The Hypocrisy of Buddy Willard

Sinistre* and I have been thinking hard about The Bell-Jar of late. One aspect I shall now consider in this piece; namely the issue of Buddy Willard’s hypocrisy. This piece takes the form of a conversation with Antisophie.

Sinistre: I have a question, Antisophie
Antisophie: I presume it’s about that soppy Plath novel, again; that Michael got you guys to read, right?

Sinistre: Yes, it is estalished by Plath’s character, that her old flame, Buddy Willard is a hypocrite due to the falsenes of his percieved virginal character against his actual heterosexual practice, right?
Antisophie: It’s not quite this particular thing which forms the hypocrisy, rather, it is the double standards that it is acceptable for men to transgress the sexual ideal of purity, while for women, it is inflexible. To live in a world of men who are less able than you, less intelligent, philistine, and crude to the highest degree, is the ultimate oppression of woman.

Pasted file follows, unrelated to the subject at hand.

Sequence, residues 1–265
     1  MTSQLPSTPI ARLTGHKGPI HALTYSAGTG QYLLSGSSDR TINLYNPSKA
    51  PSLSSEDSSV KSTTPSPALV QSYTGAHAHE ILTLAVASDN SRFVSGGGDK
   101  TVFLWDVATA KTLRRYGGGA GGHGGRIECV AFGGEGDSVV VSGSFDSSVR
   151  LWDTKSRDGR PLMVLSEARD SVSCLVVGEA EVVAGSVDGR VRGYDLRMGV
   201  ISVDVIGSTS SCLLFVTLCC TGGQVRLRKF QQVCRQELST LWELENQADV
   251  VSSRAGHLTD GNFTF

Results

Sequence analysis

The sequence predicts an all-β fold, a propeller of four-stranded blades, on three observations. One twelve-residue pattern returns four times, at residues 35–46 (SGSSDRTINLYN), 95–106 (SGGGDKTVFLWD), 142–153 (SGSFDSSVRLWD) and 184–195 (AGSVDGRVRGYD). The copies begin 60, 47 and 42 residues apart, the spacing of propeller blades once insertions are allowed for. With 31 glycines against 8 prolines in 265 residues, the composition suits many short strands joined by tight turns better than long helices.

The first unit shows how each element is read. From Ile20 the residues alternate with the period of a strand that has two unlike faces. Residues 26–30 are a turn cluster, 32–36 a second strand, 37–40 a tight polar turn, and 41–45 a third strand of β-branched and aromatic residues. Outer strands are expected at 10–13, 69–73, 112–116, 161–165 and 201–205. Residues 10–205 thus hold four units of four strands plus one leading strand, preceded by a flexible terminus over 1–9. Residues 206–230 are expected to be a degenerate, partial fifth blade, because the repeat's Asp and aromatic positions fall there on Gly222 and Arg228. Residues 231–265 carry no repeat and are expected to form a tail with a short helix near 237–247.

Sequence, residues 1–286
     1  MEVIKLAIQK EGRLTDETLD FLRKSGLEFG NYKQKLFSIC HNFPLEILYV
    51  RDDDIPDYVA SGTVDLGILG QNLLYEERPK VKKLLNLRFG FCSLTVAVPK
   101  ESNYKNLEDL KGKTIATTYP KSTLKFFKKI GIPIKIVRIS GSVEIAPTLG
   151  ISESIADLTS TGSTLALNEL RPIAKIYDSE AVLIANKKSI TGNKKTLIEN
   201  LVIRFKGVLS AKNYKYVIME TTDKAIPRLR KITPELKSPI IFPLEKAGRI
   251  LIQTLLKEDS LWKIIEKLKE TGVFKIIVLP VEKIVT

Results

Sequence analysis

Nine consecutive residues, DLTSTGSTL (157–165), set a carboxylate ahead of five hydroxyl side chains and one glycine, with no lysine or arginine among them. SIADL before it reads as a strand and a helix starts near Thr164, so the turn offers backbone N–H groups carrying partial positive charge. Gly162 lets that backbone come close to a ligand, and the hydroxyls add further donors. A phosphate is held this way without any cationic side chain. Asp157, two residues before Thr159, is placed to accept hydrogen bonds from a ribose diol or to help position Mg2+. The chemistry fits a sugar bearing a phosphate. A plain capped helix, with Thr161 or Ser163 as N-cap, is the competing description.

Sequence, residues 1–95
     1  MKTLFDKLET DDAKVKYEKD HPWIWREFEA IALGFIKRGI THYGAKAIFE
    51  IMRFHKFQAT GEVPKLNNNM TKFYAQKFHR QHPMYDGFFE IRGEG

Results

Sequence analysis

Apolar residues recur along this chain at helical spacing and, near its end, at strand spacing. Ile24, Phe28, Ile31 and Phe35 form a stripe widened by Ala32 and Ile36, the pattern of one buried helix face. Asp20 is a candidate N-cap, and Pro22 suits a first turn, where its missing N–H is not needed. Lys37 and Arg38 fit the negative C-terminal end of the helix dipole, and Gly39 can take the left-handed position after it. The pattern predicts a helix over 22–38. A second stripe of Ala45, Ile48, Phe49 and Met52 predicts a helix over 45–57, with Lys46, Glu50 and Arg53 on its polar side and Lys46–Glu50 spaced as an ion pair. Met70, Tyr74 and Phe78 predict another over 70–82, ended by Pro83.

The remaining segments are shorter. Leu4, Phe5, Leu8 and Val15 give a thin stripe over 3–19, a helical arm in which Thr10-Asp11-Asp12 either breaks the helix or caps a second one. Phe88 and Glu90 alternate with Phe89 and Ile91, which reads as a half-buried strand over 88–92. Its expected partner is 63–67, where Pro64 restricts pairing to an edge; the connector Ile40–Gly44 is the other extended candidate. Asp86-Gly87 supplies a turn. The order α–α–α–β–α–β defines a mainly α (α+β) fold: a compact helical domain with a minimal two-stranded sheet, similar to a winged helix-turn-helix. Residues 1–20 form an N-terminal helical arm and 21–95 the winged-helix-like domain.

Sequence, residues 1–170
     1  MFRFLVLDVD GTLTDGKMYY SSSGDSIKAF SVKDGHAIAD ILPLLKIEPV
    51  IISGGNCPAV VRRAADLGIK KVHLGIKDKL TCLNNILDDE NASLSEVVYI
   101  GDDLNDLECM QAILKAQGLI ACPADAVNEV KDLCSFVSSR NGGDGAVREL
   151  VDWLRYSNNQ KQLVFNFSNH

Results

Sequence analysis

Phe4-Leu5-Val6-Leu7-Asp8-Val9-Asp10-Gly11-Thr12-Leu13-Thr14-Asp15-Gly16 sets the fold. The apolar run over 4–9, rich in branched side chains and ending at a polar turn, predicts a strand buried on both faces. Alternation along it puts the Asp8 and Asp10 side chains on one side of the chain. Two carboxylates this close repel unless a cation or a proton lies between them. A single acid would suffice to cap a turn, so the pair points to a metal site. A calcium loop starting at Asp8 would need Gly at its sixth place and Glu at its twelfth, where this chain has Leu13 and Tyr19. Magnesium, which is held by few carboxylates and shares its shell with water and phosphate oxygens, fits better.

Sinistre: Okay, I can accept this point, and even, although I am not a woman, sympathise with the Greenwood character, that she is forced or obliged by society and her family to have a typical ‘female’ job of the 1950s such as typing, being a secretar, or perhaps to be a housewife. But what positive thing or prospect is there for masculinity?
Antisophie: Interesting question…I suppose the most obvious point is the percieved virginal ideal of ‘clean cut males’

Sinistre: It is a crucial component of our lives that we have this sexuality; but how can one be positive about male sexuality in such a way to both avoid hypocrisy and the subjection of women?
Antisophie: Affirming truths about our sexuality, expressing it in a way that is not necessarily overt, but certainly not oppressive or repressive. Accept your sexuality, accept your sex, and liberation comes not as to the subject in question, ut in the cessation of oppression.

Sinistre: What option is open for positive sexuality? Is one to express overt bravura? Womanise and admit?
Antisophie: This is a question not of the individual, but of an age. An age of egalitarian relations, where sex relations do not oppress one or the other, or themselves.


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